If you’re paying a visit to Northern Ireland, it’s practically obligatory that you take a drive along the Causeway Coastal Route at some point during your holiday. Stretching 130 miles from Derry to Belfast, the Causeway Coastal Route is easily one of the world’s most scenic drives. Rugged, emerald cliffs, breathtaking sea views, and the iconic Giant’s Causeway combined with man-made stunners like Dunluce Castle ensure you’ll find no shortage of scenic places to stop along the way.
While following a guide (like this one) is a great way to get started along the Causeway Coastal Route, leaving yourself enough time for unscheduled stop-offs is essential. As you’re driving along, it’s pretty well guaranteed several places will catch your eye that weren’t listed on any guide. And if you’re anything like us, these accidental discoveries will end up being your most favorite stops along the drive. At least that was the case for us with Kinbane Castle, anyway.
History of Kinbane Castle
Built in the 1500’s by the MacDonnell clan on a dramatic limestone headland projecting off the County Antrim coast, Kinbane Castle was once a striking two-story castle. Named after the land it sits on (Kinbane means White Head in English), the castle, like many others from the same time period, suffered damage over the years during repeated sieges by English forces, but it was always rebuilt afterwards.
Unfortunately, somewhere around the 18th century, the castle was abandoned and over the following centuries, it fell to ruins. The only pieces remaining today are a portion of the castle tower and an exterior wall.
Since so little of the castle still stands, if you decide to make stopping at Kinbane Castle a priority on your Causeway Coastal Route to-see list, you won’t necessarily be doing it for the castle itself. Instead, the thing that makes coming out here worth it is the view.
How to Get to Kinbane Castle
Located three miles west of the town of Ballycastle, if you’re headed towards Ballycastle from the Giant’s Causeway, you’ll see a small sign labeled ‘Kinbane Castle’ along the road about five minutes after passing the turn-off for Carrick-a-Rede rope bridge. You’ll make a left turn here and follow a narrow, dirt road until you reach a parking lot at the edge of the cliffs. (Google Maps directions here.)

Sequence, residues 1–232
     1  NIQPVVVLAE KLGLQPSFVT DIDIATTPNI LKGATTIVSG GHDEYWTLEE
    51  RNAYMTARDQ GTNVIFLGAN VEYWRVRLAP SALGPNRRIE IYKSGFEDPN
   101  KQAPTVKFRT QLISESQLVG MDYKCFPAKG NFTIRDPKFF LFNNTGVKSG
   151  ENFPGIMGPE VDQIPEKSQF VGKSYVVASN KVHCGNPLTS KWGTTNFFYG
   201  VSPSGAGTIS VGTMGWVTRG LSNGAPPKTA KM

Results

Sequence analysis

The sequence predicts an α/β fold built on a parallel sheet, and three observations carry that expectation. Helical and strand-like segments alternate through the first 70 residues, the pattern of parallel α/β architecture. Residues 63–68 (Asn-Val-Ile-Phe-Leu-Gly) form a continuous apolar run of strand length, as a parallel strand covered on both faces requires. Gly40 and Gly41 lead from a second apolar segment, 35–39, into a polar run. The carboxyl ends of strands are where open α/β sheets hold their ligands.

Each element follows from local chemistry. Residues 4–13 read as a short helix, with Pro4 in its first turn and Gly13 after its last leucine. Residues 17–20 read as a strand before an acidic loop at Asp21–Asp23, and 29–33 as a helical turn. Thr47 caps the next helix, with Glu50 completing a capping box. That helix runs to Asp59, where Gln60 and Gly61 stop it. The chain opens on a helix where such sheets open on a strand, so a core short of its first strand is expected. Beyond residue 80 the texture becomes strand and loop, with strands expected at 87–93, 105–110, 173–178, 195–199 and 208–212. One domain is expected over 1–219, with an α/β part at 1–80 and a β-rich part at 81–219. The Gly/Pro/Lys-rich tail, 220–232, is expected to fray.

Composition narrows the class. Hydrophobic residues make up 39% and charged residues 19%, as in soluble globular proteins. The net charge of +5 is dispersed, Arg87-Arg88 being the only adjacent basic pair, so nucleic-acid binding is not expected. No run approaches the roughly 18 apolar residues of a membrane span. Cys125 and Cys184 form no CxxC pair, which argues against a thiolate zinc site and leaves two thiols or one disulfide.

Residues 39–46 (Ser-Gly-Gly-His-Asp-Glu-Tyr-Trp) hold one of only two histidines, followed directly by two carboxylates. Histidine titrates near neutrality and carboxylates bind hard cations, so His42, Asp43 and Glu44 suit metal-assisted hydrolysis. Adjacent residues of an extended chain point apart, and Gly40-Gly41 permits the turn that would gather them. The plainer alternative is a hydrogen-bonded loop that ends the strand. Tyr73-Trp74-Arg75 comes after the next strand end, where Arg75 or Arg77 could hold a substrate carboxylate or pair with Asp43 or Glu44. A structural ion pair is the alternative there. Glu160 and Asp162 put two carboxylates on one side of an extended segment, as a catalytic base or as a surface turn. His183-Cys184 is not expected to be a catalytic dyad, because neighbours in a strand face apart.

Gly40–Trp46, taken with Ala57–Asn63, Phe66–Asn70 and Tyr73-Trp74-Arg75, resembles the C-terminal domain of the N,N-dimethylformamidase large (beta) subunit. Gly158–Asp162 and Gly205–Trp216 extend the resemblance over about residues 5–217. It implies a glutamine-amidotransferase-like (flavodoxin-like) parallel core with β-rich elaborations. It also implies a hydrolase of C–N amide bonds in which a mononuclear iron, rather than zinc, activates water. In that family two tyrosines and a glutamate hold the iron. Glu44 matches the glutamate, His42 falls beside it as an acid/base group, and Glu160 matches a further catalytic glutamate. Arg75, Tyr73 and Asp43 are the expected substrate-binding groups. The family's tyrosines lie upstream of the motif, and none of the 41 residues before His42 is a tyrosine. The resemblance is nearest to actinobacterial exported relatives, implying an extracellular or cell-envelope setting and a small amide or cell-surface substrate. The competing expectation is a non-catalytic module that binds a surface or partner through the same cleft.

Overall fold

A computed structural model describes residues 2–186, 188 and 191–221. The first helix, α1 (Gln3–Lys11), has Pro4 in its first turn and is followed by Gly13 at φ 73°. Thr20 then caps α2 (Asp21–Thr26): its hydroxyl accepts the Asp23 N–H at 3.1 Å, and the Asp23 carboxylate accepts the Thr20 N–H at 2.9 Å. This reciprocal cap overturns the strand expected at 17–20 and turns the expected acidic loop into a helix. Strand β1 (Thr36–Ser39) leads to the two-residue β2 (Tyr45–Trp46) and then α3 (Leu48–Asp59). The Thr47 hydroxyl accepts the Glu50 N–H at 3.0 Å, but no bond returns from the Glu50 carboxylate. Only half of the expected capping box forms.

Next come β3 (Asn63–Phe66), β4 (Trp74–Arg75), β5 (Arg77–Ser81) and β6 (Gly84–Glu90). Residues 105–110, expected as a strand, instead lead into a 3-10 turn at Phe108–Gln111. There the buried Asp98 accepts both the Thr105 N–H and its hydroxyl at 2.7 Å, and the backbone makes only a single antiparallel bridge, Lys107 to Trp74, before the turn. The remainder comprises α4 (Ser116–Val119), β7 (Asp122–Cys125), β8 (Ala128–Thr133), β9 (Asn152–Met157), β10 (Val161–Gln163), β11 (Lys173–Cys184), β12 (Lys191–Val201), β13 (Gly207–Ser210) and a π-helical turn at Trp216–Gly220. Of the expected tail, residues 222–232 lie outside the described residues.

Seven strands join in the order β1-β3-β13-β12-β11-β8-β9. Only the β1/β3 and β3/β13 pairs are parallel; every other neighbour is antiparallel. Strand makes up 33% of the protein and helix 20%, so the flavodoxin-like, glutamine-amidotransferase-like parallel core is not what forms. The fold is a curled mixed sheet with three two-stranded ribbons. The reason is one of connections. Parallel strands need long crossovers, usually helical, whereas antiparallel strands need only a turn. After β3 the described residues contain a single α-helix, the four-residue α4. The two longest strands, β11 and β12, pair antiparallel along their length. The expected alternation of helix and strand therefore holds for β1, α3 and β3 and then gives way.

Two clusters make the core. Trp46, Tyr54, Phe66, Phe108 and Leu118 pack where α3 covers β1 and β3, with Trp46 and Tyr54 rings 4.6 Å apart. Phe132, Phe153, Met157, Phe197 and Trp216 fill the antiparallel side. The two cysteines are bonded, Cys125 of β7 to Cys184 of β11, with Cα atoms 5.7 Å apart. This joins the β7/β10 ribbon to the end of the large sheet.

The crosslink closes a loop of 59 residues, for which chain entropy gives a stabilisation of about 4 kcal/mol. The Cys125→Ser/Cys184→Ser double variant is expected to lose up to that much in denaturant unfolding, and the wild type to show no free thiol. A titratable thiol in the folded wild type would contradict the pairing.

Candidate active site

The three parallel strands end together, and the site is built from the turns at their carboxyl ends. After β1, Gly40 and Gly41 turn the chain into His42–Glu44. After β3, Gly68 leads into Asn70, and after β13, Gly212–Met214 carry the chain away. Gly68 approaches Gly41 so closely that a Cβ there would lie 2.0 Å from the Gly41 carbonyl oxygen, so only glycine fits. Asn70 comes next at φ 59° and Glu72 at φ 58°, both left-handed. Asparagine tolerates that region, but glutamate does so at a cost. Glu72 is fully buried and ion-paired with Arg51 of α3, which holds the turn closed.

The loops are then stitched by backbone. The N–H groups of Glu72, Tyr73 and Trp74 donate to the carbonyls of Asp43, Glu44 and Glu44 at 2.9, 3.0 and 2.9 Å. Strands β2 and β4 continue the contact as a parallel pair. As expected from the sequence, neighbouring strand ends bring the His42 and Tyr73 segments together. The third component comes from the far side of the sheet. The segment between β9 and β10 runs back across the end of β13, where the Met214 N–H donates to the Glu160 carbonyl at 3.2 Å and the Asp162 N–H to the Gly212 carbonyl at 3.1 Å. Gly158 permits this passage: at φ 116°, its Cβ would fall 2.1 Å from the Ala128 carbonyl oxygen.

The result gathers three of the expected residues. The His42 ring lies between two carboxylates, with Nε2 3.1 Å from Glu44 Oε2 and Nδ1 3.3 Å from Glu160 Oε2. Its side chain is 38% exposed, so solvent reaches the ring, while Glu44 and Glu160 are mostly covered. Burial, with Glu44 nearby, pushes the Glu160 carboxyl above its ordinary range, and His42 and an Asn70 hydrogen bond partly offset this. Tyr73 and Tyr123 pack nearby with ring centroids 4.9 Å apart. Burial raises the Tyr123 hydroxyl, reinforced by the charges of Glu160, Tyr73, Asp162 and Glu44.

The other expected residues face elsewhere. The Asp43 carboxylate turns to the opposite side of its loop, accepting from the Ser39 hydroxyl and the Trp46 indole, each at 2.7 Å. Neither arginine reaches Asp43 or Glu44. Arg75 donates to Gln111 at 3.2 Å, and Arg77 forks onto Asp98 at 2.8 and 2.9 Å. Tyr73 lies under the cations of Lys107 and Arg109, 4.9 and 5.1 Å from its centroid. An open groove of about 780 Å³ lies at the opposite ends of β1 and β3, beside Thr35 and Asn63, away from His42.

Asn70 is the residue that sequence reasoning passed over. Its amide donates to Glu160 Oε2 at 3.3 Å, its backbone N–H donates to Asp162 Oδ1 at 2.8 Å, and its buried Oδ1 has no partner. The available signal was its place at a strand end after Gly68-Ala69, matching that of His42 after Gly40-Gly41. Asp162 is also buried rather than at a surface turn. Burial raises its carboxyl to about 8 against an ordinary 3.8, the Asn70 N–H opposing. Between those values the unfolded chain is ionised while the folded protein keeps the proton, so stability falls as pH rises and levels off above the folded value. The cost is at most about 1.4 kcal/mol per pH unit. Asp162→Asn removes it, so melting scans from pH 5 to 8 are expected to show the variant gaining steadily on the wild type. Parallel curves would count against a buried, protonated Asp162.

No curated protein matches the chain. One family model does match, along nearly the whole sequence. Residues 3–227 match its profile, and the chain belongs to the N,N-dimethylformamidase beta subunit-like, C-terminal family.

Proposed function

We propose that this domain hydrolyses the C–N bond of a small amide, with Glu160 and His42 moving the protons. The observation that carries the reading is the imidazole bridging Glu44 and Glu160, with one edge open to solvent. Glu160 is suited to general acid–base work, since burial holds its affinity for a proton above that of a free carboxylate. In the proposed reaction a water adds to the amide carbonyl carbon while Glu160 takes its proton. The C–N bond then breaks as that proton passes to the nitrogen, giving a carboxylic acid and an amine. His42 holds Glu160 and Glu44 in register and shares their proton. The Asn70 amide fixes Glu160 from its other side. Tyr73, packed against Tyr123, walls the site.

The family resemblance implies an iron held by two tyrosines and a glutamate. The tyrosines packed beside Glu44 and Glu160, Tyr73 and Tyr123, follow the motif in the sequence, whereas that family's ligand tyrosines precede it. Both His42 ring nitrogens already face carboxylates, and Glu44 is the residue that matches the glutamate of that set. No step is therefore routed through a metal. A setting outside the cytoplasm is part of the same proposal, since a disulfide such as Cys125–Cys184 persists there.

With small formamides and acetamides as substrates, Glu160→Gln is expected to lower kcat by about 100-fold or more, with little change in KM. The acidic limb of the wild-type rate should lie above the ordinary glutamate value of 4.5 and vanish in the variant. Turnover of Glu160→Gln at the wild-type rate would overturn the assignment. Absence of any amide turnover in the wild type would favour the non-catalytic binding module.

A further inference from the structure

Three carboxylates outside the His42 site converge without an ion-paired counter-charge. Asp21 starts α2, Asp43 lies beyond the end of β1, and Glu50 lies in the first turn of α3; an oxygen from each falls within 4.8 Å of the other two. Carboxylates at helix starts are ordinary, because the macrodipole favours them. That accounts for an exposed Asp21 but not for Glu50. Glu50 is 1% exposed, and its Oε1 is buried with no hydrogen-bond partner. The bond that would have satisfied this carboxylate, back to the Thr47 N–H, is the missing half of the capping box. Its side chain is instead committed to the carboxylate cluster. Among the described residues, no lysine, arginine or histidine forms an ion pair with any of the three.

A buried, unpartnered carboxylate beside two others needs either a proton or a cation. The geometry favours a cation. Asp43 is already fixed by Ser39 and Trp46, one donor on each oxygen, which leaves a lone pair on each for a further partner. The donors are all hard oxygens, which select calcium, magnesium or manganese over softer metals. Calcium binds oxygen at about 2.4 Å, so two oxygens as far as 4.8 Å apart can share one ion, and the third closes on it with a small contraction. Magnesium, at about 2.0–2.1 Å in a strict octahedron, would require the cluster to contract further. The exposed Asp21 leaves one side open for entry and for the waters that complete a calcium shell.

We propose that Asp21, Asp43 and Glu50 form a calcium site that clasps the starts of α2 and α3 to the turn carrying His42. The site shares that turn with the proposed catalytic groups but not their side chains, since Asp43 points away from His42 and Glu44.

Parking in this lot is free, as is entrance into the Kinbane Castle site.
After you’ve parked, it’s a short hike down to the castle via a gravel path with steps in some of the steeper parts. While you can manage getting up and down to the castle wearing pretty much any sort of footwear, if you plan to walk out to the end of the headland, I definitely suggest wearing tennis shoes or hiking boots as it gets a little precarious in some spots. (More on that below.)
Why Visit Kinbane Castle?
Besides the wild, unspoiled beauty of the headland itself, Kinbane Castle is also perfectly situated so as to offer impressive views both looking back toward the cliffs along the mainland and out to Rathlin Island and beyond in the North Atlantic Ocean. In other words, if you’re looking to capture landscape photos that embody the dramatic scenery Northern Island is known for, you won’t want to skip this one.
Because it’s often passed over by travelers down the Causeway Coastal Route that don’t even know of its existence, Kinbane Castle feels delightfully isolated. If you’d like to escape the crowds that tend to overwhelm some of Northern Ireland’s more popular destinations, this is a great place to come at mid-day when those places are at their busiest.
With little more than seabirds to keep us company during the hour we spent exploring the castle ruins and the headland, Kinbane Castle was by far the most relaxing spot we visited along the coast.
Be Careful Walking Along the Headland
Kinbane Castle is situated fairly close to the mainland where the headland is a bit wider, so as long as you stay on the path, you’ll be safe. If you decide to venture past the castle, however, the headland (and the path on it) narrows considerably and you’ll definitely want to be wearing that proper footwear I mentioned earlier to keep from slipping, which would be a disaster as there is literally nothing to catch you if you fall.
Having walked across Carrick-a-Rede rope bridge the day before, I had already hit my quota of doing scary things on vacation for this trip, so we didn’t walk all the way out to the end of the headland. Instead, we stopped just short of where the path narrows to what looks like tightrope walker-level width and were perfectly happy with the views we had from where we were. I think this probably goes without saying, but if it’s a wet or windy day, don’t take any risks out here!
It was a beautiful, sunny day when we visited, so we plopped down in the soft grass and made flower crowns out of the wildflowers blooming all over the headland and basked in the sunshine for a while on what felt like our own private piece of the Irish coast. Two years later, the simple, quiet moments we spent out here are still some of my favorite travel memories.
If you’re driving the Causeway Coastal Route and have enough time to spare, definitely give Kinbane Castle a look. I’d be surprised if it didn’t become one of your favorite spots in Northern Ireland, too.
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